Wednesday, December 19, 2012

California Wine Association Records, 1894-1936

Lackman & Jacobi business card, circa 1885, California Business Ephemera Collection.

With our vast viticultural districts and varied regional climates, California is known as an exceptional place to grow wine. Lesser known, however, is that the history of the state’s early wine production is largely connected to the history of the California Wine Association (1894-1936). With this in mind, the California Historical Society is pleased to announce that the California Wine Association records have been reprocessed with a finding aid available on the Online Archive of California.

The 1890s were a turning point for viticulture in California. The State’s wine industry was in a seemingly perilous position. California’s 200,000 acres of vineyard were overproductive, the country was in the middle of a depression, and California wines were sold cheaply without much regard to quality. In 1894, in an attempt to secure favorable options from grape growers and winemakers, and to raise prices and stimulate trade, seven leading wine firms joined together to form the California Wine Association. Their action, however, had an unintended consequence: winegrowers formed their own interest groups, which, in turn, led to the wine wars of the 1890s. In order to successfully negotiate grape and wine prices, the two factions came to agree upon standards for terms such as “hill grapes” and “valley grapes,” and stabilized the quality of California wine in the process. The C.W.A. would eventually control over eighty percent of wine manufactured in the State.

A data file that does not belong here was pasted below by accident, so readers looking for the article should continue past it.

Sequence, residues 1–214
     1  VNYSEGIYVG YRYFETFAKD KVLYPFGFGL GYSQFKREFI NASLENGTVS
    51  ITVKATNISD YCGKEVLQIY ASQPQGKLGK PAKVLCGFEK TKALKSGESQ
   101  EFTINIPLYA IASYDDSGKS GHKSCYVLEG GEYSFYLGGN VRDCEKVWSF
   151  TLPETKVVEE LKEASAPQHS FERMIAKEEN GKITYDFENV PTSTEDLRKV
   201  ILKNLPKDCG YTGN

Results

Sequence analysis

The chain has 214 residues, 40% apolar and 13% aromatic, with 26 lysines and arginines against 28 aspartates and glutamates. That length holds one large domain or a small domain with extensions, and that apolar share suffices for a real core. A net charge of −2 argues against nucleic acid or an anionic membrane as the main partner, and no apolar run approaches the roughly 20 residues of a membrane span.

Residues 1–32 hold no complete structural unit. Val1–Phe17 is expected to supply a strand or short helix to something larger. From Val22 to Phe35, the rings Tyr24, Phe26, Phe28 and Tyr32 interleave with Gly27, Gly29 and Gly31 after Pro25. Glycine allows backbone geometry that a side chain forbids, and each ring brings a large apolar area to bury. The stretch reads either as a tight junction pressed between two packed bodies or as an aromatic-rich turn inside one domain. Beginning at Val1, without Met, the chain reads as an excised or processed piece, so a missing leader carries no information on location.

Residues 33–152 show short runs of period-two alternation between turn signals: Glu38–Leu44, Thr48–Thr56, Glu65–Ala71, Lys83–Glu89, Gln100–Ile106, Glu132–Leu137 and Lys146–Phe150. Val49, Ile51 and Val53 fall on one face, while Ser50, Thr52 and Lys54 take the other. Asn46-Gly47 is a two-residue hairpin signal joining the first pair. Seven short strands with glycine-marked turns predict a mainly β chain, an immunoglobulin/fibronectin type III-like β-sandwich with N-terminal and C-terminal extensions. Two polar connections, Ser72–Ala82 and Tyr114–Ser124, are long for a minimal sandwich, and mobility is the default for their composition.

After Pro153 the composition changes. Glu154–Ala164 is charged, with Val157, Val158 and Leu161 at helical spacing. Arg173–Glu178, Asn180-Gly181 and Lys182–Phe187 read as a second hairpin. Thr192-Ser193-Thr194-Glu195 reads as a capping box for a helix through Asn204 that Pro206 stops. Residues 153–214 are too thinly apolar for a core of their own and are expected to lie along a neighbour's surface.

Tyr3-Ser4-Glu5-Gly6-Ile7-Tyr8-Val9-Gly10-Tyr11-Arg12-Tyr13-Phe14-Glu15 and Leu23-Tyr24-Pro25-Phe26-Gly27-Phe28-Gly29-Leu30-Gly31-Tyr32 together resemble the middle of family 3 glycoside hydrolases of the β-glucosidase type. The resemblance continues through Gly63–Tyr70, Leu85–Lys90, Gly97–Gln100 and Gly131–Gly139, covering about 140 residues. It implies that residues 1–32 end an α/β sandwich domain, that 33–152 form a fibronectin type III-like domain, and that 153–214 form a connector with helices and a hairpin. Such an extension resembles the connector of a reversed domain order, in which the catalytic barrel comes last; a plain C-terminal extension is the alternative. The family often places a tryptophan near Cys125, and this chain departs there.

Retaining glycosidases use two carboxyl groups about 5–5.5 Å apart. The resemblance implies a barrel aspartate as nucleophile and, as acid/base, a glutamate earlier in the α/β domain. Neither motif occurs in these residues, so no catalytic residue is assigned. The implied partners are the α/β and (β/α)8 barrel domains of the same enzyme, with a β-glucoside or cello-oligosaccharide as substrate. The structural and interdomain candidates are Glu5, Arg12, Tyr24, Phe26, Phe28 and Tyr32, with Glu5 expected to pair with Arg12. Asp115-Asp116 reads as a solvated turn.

The California Wine Association records chronicle this fascinating history. Bound volumes of meeting minutes contain contract negotiations and correspondence between growers and firms, and document internal conflicts within the Association, responses to Prohibition, and, finally, the litigious dissolution of the Association itself.

The new guide to the collection can be found on the Online Archive of California at

Megan Hickey Nespeco 
Library Volunteer
Post a Comment